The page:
Republican candidates in a handful of the country's most competitive House races appear poised to knock off Democratic incumbents tonight, based on early returns in 39 states.
The GOP was projected to pick up seats in districts from Virginia to Indiana, where Democratic incumbents won narrowly in 2008 and John McCain carried the presidential vote.
Long-time Democratic Rep. Rick Boucher was projected to lose to his Republican opponent in Virginia's 9th congressional district, a sign many pundits say reflects a big GOP win in the making. Other competitive Virginia races appeared headed in the same direction.
In Virginia's fifth district first-term Democrat Tom Perriello is projected to fall to Republican challenger Robert Hurt, despite repeated campaign appearances on his behalf by President Obama.
In Indiana, two of three GOP candidates in the state's most competitive races are projected to defeat their Democratic incumbent opponents.
"If the Democrats lose two out of three tough races in Indiana they are going to lose the House," predicted George Stephanopoulos, ABC News' chief Washington correspondent and co-anchor of "Good Morning America."
And in South Carolina, voters are projected to send Republican Tim Scott to Congress, the first African American Republican member of the House since J.C. Watts was elected in 1994 and retired in 2003.
House Speaker Nancy Pelosi tonight rejected numerous polls predicting a Republican landslide among House candidates and defiantly predicted that Democrats will retain control of the House of Representatives.
"The early returns and overwhelming number of Democrats who are coming out – we're on pace to maintain a majority in the House of Representatives," Pelosi told reporters during a photo op in Washington.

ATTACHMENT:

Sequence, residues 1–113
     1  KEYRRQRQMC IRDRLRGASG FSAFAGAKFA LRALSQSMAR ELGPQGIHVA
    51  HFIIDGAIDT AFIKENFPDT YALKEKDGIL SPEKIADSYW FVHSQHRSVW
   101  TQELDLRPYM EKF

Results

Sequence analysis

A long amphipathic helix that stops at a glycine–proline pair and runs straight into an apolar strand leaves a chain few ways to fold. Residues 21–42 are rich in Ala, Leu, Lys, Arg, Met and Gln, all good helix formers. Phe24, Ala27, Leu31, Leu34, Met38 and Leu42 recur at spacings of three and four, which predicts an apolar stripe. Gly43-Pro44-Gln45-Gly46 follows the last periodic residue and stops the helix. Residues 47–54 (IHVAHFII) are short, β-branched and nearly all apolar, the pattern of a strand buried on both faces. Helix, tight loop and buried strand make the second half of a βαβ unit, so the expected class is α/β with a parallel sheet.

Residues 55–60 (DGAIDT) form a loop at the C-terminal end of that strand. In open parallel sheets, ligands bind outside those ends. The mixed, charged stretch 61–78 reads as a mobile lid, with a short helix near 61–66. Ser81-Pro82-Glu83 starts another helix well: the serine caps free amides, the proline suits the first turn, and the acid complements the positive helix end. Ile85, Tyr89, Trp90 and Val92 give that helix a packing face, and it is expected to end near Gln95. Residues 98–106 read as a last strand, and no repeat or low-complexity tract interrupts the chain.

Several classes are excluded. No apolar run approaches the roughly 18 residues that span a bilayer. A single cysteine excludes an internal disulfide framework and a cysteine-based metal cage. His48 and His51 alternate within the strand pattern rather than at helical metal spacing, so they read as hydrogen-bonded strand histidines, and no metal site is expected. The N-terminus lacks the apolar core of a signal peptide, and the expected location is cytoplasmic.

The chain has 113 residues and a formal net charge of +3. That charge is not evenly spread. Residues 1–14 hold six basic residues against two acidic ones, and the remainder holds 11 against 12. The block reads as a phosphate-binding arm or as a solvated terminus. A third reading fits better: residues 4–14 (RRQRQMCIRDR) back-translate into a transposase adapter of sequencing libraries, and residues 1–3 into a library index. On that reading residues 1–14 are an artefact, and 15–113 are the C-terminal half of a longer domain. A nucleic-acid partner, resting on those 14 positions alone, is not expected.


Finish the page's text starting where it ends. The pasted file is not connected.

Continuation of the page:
Republicans need to win just 39 seats from Democrats to claim a 218-seat House majority, a feat ABC News' pre-election race ratings and many polls have shown to be easily within reach. More than 100 Democrat-held seats appeared vulnerable going into midterm Election Day, including 68 seats that either lean Republican or are toss-ups.
The last time Republicans took control of the House from Democrats in a 1994 avalanche -- the so-called Republican Revolution -- they flipped 52 seats.
A GOP victory would bring an end to the often embattled tenure of Speaker Pelosi, who made history in 2007 when she became the first woman to ever hold that rank, and force dozens of Democratic reps to hand over the gavels -- and the offices -- of their powerful committees to their Republican rivals.
It would also set the stage for Ohio Republican Congressman John Boehner, the son of a bar owner and one of 12 children who became president of a plastics company before entering politics, to become the next speaker.
A split balance of power in Congress would also make it much harder for President Obama and Democrats to advance their legislative agenda and increase the prospect of political gridlock on everything from taxes and spending to immigration.
The magnitude of the looming wave is hard to predict, given the number of competitive seats, lack of exit polling in many races and variability of voter turn out. But which party will control the House beginning in January will likely be known soon after polls close.